FRANS LANTING, MINT IMAGES / SCIENCE PHOTO LIBRARY
An apparent slowdown in global warming since the late 1990s may be due to changes in circulation patterns in the Atlantic and Southern oceans, suggests a study published in the 22 August Science1.
These circulation patterns carry sun-warmed tropical waters into the higher latitudes, where they sink and flow back towards the Equator, says lead author Ka-Kit Tung, an atmospheric scientist at the University of Washington in Seattle.
From the 1970s to the 1990s, Tung says, this movement was relatively slow. That allowed the warm water to linger at the surface long enough to lose much of its heat to the air, thereby contributing to rapid global warming.
But around 1999, the currents sped up, sending relatively warm water into the ocean depths instead. That is enough, according to Tung and his co-author Xianyao Chen, an oceanographer at the Ocean University of China in Qingdao, to explain why Earth’s land and ocean surface temperature seems to have plateaued since the anomalously warm year of 1998.
Scientists have struggled to explain this slowdown, with theories ranging from slight changes in solar luminosity to increases in Asian air pollution, which can produce a bright haze that scatters sunlight back into space.
Mystery of the missing heat
To test their hypothesis, Tung and Chen examined data from oceanographic instruments that have measured subsurface conditions since the early 1970s, to see if they could find the missing heat lurking in the deep ocean.
They first examined data from the Pacific Ocean, which had been the focus of several previous studies. “We could find a little bit [of change], but not enough,” Tung says. But when they looked at measurements in the Atlantic and Southern oceans, the researchers found a large increase in the amount of heat reaching depths of up to 1,500 metres, beginning around the time that global warming slowed.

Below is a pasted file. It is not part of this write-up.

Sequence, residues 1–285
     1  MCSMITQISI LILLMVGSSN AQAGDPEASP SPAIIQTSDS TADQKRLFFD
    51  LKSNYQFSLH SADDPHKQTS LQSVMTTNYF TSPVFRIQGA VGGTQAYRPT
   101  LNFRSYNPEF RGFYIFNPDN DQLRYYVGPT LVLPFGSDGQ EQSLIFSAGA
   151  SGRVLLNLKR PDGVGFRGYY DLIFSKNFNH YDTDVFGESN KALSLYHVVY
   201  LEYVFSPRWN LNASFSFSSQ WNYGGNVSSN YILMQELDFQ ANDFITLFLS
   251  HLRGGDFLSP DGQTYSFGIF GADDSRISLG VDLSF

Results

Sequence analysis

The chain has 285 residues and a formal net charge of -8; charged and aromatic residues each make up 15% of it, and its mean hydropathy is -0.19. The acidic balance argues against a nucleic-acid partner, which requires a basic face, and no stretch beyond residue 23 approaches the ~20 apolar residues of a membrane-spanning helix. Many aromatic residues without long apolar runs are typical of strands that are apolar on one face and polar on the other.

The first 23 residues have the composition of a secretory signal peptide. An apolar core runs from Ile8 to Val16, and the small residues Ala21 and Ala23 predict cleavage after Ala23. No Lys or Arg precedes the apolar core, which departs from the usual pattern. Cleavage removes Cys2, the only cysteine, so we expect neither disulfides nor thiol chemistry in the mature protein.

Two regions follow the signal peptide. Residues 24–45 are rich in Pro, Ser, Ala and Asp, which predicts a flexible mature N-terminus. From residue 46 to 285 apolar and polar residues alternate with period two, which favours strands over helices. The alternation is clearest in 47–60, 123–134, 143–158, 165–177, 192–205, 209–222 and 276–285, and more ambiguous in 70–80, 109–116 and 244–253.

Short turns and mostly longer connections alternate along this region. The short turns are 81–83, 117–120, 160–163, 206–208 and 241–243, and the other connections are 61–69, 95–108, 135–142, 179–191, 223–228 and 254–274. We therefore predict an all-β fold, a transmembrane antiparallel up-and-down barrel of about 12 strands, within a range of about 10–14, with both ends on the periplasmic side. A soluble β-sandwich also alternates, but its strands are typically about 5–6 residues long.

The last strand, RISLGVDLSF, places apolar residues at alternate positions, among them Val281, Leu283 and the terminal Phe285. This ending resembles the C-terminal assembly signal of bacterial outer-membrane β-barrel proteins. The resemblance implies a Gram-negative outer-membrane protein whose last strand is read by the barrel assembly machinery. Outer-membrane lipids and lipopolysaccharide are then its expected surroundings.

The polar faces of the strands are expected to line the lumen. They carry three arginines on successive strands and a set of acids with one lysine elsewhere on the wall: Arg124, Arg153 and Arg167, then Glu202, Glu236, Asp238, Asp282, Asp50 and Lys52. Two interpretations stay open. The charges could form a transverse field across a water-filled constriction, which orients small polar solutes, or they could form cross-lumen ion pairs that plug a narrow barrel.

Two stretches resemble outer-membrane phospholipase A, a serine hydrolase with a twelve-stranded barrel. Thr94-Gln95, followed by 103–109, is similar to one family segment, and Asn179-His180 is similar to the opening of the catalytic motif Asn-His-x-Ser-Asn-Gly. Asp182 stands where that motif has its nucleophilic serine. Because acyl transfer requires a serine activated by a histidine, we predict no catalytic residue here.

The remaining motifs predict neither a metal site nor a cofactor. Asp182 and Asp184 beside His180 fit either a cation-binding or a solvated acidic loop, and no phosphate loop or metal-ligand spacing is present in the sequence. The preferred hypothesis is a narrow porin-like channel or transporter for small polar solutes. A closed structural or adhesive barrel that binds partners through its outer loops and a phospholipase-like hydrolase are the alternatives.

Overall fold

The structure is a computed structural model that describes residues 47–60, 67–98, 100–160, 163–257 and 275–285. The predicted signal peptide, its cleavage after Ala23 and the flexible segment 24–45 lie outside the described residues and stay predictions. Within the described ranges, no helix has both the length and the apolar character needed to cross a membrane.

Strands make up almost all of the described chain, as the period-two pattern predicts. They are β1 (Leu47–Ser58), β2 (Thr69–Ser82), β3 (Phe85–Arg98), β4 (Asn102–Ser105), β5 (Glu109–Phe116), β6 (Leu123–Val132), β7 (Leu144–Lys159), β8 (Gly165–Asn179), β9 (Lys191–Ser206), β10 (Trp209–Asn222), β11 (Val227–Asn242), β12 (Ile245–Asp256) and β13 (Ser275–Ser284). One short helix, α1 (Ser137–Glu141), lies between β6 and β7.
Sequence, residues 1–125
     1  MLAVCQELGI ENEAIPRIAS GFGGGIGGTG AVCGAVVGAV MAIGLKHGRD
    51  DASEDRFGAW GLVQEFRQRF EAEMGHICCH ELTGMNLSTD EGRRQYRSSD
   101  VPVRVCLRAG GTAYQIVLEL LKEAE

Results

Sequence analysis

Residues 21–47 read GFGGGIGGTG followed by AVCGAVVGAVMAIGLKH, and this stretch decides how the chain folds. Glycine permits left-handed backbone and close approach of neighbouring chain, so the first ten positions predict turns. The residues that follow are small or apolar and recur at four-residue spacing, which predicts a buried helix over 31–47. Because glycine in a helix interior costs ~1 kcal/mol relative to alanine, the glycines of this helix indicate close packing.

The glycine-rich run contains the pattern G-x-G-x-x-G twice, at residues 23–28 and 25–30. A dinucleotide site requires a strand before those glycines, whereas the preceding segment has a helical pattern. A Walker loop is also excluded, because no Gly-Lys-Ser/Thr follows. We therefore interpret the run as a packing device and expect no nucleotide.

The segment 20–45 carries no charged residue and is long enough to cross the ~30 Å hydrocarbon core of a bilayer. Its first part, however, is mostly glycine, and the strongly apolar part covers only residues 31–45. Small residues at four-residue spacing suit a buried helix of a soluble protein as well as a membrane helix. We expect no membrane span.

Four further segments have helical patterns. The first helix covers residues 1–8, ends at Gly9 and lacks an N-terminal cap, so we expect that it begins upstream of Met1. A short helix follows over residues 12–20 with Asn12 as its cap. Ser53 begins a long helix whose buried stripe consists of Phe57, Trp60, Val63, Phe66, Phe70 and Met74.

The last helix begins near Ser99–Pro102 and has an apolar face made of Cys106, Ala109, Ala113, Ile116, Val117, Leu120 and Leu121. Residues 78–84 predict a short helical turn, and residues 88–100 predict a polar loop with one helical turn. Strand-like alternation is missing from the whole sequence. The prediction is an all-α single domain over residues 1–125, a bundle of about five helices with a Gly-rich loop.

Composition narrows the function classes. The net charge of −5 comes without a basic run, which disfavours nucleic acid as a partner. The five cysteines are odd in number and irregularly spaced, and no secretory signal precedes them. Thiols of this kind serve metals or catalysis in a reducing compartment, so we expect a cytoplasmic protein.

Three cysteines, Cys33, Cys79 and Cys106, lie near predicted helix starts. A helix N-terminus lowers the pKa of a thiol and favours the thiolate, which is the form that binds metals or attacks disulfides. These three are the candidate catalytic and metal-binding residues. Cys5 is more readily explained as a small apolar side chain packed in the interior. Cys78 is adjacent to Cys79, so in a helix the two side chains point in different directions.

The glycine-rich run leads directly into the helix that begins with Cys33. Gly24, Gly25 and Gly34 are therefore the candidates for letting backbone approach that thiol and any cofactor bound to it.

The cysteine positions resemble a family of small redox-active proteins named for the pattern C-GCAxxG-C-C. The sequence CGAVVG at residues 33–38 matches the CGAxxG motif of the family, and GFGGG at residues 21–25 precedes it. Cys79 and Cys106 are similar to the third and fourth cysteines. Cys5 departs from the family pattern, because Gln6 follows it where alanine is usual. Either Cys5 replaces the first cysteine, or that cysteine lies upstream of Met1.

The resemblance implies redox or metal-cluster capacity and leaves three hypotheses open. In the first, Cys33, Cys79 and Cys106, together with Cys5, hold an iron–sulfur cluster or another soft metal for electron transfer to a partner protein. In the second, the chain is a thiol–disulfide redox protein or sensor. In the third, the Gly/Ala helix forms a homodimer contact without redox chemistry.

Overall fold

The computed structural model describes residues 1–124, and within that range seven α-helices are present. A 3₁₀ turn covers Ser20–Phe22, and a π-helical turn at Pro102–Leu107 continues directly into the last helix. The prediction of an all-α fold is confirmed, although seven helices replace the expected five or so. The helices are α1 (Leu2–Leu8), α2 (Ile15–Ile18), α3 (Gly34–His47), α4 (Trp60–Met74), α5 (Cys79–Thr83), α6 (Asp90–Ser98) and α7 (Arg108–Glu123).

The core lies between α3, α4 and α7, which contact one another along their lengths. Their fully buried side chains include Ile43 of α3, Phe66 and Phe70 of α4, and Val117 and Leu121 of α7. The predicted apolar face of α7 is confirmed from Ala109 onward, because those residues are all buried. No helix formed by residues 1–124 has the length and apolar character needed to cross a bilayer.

This change in ocean circulation is linked to cyclical changes in salinity in high-latitude waters. When the circulation patterns are slow, warm surface waters have more time to lose moisture to evaporation. This makes them increasingly saline — and hence, denser — when they arrive at the high-latitude zones, where they sink. Eventually this reaches a critical point, at which fast-sinking waters speed up the current.
But Tung says that the effect will not last forever. As currents speed up, the warm waters lose less moisture to evaporation and become fresher. The heat that the water carries also causes glaciers, ice caps and pack ice to melt, releasing fresh water into the surface ocean. Eventually, the salinity lowers enough that waters do not sink as rapidly at high latitudes, slowing the global circulation pattern.
Temperature data from central England suggests that this process has been going on for roughly 350 years, on an approximately 70-year cycle2.
Stairs and plateaus
Tung says that his results show that global warming hasn’t halted. Comparing the long-term warming trend to a grand staircase, in which rapid rises are interspersed with plateaus, “we are now on the flat part of the staircase,” he says.
Other scientists are more sceptical about whether the work explains the apparent warming pause. “The rather strong conclusion that ‘the cause has been found’ is overblown,” says Gavin Schmidt, a climate scientist who directs the NASA Goddard Institute for Space Studies in New York. Schmidt says that multiple factors are at work, all pushing the climate in the same direction.
Richard Alley, a geoscientist at Pennsylvania State University in University Park, says the study is interesting — “but whether it’s a completely different story or part of the same story is something I think is still coming out.”
Alley welcomes the focus on the Atlantic, however. “Those of us who work in palaeoclimate have for a very long time had an idea that the Atlantic matters,” he says. “The evidence from the ice ages is that there were huge North Atlantic changes that show up in climate records all over the world.”
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